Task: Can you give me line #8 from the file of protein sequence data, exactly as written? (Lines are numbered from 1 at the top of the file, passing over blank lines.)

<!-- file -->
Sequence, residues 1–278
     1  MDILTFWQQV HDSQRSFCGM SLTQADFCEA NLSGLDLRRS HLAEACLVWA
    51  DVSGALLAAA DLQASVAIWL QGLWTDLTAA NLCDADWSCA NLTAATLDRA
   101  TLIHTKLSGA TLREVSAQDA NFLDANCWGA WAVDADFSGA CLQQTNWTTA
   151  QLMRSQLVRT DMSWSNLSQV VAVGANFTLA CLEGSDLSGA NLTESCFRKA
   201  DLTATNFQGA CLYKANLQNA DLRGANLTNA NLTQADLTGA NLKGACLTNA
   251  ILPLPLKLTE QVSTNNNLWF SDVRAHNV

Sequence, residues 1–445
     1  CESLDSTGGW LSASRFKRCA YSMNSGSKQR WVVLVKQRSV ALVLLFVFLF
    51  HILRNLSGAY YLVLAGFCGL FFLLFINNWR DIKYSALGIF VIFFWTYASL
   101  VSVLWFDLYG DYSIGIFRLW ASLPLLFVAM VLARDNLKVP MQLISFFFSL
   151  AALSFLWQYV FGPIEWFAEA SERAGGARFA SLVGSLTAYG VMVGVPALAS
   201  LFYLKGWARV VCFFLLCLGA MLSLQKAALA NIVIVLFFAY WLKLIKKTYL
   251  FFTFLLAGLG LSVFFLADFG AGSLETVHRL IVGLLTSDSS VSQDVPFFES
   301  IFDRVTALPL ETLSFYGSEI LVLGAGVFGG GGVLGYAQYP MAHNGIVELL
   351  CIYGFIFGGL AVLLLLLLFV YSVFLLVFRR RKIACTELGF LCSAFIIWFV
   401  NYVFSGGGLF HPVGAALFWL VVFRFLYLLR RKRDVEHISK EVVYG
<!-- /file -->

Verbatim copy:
Sequence, residues 1–445